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Roommate Resources

As you complete your profile in the housing application, you will be asked a number of profile questions.

Keep in mind that living together provides a wonderful and unique opportunity to learn from other students. When you live with someone new, it will take time to learn about each other. Living together may present you with some challenges, but also with many rewards.

The residence hall experience reflects the diversity of the student body at the University of Delaware. Your are certain to find much in common with those with whom you live, and much that you will be able to learn.

Below is a guide to help you gauge your responses to profile questions. Most answers are on a Likert scale, meaning that you may choose a point along a range between two endpoints.

Beyond these questions, there are additional resources at the bottom of this page to help potential roommates build a respectful, successful roommate relationship.

1. Roommate Expectation: I view my roommate as someone:

Options: [I plan to have a separate life from my roommate] ↔ [I plan on being close friends with my roommate]

Consider this: Every roommate relationship should be founded on respect for each other and for the rules of the room, but unfulfilled expectations lead to disappointment. What is your expectation of your roommate relationship?

2. Condition of the room: How do you prefer your room most of the time?

Options: [Doesn't matter] ↔ [Clean and immaculate all the time]

Consider this: If the cleanliness of the room is important to you, but not to your roommate, or vice versa, you're set up for conflict. Is a tidy room a necessity, or is it the first thing put aside when you're busy with the demands of college life?

3. Condition of the room: How often do you clean your room?

Options: [Never] ↔ [Sometimes] ↔ [Daily]

Consider this: Custodial staff regularly clean common areas of residence halls, but students are responsible for keeping their rooms clean from move-in to move-out. Students living in suites and apartments will also be responsible for cleaning the shared bathroom (and kitchen in apartments). Keep that in mind when answering.

4. Sleep Habits: How early do you get up in the morning on a weekday?

Options: [6am or earlier] ↔ [8am] ↔[10am or later]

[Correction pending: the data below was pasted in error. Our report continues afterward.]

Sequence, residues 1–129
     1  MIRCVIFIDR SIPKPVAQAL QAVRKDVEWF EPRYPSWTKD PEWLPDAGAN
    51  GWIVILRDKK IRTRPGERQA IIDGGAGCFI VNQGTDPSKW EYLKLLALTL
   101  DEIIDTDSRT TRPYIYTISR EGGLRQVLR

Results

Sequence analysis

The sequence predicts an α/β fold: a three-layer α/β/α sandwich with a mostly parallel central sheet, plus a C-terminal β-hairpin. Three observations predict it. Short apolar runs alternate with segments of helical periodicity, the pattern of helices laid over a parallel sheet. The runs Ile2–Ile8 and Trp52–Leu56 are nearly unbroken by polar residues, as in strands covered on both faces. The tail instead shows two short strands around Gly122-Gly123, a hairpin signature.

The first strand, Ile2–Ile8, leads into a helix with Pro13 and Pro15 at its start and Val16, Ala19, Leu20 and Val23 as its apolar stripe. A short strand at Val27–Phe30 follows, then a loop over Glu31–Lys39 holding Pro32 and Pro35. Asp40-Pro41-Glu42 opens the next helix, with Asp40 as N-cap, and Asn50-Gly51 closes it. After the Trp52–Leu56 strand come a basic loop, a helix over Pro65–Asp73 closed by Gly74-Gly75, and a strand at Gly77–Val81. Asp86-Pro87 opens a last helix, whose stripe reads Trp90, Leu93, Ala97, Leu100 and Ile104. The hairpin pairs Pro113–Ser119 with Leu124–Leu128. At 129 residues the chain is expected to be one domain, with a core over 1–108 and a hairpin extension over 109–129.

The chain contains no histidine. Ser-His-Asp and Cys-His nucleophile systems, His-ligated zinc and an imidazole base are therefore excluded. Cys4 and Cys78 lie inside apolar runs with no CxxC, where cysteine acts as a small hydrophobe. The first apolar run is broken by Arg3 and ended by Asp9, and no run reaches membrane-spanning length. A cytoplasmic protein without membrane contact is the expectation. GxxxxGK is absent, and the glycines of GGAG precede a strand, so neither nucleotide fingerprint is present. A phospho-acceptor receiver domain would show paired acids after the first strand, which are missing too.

Consider this: If you are new to college, you may not know what time your classes will begin, but you probably have a good idea of whether you are an early bird or a night owl. There are a number of activities on campus that require early morning attendance.

5. Sleep Habits: How late do you go to bed on a weekday?

Options: [10pm or earlier] ↔ [Midnight] ↔ [2am or later]

Consider this: Again, if you are new to college, you may not know what you'll consider "late night" in college. If you have to be up early for an activity, you may want to hedge on the earlier end of this scale.

6. Room environment: Which best describes your preferences for sleeping?

Options: [Absolute silence] ↔ [Tolerate noise]

Consider this: At least as important as what time you go to bed or get up is whether you're a light sleeper. Quiet hours are in place in every residence hall.

7. Room environment: If you study in your room, which best describes your preference for studying?

Options: [Absolute silence] ↔ [Background noise]

Consider this: Not everyone studies in their residence hall room. If you do, however, what kind of environment do you prefer?

8. Room environment: I prefer to keep the temperature in my room:

Options: [Cool] ↔ [Warm]

Consider this: Believe it or not, this is one of the major complaints by roommates!

9. Use of room: How do you feel about friends or groups of people socializing in your room? I view my room as a ...

Options: [Private space] ↔ [Social Hub]

Consider this: You have an expectation of how your residence hall room should be used. Do you expect it to be your personal sanctuary, or do you expect your room to be a gathering spot for friends on a regular basis?